The departure of Pope Benedict XVI was an unwelcome surprise for many Christians in Asia. However, some of the continent's faithful are hoping that the next pontiff will have more in common with them.
Catholics in the Philippines were shocked by the resignation of Pope Benedict XVI. "The news filled us with sadness," said Archbishop of Manila Cardinal Luis Antonio Tagle (pictured). "We felt like children clinging to their father as he says goodbye."
The majority of Filipinos are Catholics. With 75.5 million people, the archipelago is the most Christian-influenced country in Southeast Asia. After Brazil and Mexico, it has the largest Catholic population in the world.
The Philippines and East Timor are exceptional in Asia. In most Asian countries, Christians are in the minority. Even if many Asians do know the name of the pope, few of them know what it is that he represents.
Pope Benedict XVI never visited Asia. However, at the end of 2012, the continent seemed to be moving into the focus of the Vatican. In December, Benedict surprised many by hailing the new Communist leadership of China. He received a high-ranking Vietnamese politician at the beginning of this year. The pope addressed the issue of freedom of religious practice in Asia's Communist nations. He saw religious freedom as an important component of a just society.
Social and political justice have great significance in Asia. Churches often stand up for the rights of the poor and take care of social outcasts. In India, for example, the church seeks to protect the Dalit, or "untouchable," caste.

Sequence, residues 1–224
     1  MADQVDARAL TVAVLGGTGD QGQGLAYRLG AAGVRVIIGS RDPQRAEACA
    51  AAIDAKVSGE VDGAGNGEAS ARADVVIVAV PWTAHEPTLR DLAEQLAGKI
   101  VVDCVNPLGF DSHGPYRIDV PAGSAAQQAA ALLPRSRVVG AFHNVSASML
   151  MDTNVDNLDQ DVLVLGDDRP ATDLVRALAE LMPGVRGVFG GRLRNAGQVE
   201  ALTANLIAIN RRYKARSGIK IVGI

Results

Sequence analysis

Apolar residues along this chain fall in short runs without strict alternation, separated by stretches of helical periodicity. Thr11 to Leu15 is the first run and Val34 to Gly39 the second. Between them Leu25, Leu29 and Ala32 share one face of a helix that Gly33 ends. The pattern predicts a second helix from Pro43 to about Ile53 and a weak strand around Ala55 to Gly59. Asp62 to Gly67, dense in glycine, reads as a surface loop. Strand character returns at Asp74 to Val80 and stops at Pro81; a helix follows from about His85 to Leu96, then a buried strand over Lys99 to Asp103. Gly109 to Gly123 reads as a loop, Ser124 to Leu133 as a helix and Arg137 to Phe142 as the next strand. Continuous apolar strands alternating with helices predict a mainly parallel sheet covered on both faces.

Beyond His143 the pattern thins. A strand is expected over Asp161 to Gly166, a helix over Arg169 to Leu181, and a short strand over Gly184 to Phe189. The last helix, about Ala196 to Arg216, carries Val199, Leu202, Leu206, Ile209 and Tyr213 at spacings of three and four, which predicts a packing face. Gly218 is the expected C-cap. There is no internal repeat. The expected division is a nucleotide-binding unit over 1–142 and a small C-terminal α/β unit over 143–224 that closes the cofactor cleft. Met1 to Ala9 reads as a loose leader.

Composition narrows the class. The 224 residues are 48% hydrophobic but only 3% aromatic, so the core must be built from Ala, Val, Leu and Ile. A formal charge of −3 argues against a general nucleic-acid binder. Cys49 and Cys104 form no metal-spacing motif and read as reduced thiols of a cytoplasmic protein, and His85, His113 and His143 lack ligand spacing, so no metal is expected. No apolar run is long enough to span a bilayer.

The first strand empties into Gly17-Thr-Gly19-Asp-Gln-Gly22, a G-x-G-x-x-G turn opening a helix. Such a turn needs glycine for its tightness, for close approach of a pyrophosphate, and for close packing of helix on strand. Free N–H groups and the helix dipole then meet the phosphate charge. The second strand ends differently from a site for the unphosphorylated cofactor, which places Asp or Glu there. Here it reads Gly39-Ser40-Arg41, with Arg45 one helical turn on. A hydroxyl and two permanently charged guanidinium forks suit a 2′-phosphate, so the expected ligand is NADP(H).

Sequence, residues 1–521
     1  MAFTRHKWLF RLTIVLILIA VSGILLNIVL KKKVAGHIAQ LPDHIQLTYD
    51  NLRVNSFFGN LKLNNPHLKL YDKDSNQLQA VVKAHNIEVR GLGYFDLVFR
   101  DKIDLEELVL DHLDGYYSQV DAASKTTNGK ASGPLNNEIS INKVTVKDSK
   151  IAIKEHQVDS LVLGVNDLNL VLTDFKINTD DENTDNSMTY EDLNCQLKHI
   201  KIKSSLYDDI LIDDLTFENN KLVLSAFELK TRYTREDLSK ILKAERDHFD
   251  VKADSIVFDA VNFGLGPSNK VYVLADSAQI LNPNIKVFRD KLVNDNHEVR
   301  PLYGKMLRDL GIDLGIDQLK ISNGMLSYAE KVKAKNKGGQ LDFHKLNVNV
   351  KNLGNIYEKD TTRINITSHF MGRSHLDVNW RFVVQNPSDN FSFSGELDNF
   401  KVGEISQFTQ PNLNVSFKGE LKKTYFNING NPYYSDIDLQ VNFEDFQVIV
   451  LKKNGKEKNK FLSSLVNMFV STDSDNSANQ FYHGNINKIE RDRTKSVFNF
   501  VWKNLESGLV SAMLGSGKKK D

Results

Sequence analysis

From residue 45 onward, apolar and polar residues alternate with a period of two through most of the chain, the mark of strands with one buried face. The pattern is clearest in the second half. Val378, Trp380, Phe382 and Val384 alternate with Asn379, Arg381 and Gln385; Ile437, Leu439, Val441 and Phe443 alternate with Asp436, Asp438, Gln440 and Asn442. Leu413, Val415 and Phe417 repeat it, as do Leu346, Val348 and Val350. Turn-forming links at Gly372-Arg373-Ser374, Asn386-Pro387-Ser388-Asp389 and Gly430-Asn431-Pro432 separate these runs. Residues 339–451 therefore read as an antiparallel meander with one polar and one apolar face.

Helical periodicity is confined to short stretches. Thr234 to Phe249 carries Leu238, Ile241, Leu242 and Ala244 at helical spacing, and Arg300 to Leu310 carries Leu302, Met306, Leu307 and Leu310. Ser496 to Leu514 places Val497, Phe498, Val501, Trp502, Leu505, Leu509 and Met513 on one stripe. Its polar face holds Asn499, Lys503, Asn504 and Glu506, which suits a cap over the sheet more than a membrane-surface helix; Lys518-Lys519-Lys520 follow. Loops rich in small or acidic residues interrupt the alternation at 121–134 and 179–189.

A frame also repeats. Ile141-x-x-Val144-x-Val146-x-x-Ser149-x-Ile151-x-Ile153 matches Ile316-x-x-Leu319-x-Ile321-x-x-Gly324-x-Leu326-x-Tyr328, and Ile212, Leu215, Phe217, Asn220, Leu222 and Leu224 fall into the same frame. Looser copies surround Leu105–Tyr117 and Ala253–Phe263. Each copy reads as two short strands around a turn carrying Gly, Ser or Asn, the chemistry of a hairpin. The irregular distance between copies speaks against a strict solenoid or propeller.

Because of this role, many in Asia would be keen to see a pope who addresses social injustice, growing poverty, racism and discrimination and who also takes a leading role when it comes to solving these social problems.
'Too much caution'
Another important issue is dialogue between religions, especially in countries where Catholics belong to the minority. Where these issues are concerned, the Catholic Church has so far been too cautious, complains Ignatius Sandyawan Sumardi, a Catholic priest from Indonesia. The Pope has been too preoccupied with the formal, dogmatic side of faith, Sandywan Sumardi believes.
It is not very likely that the next pope will come from Asia. However, Catholics in the Philippines, for example, harbor the hope that the Archbishop of Manila himself might be a likely candidate. He is close to the Vatican and is a close advisor to Pope Benedict. However, a candidate from Africa or Latin America would also be conceivable for Asian Catholics. Many Asians are convinced that the clergy in these regions have a far better idea about the realities faced by people in their everyday life than the European candidates.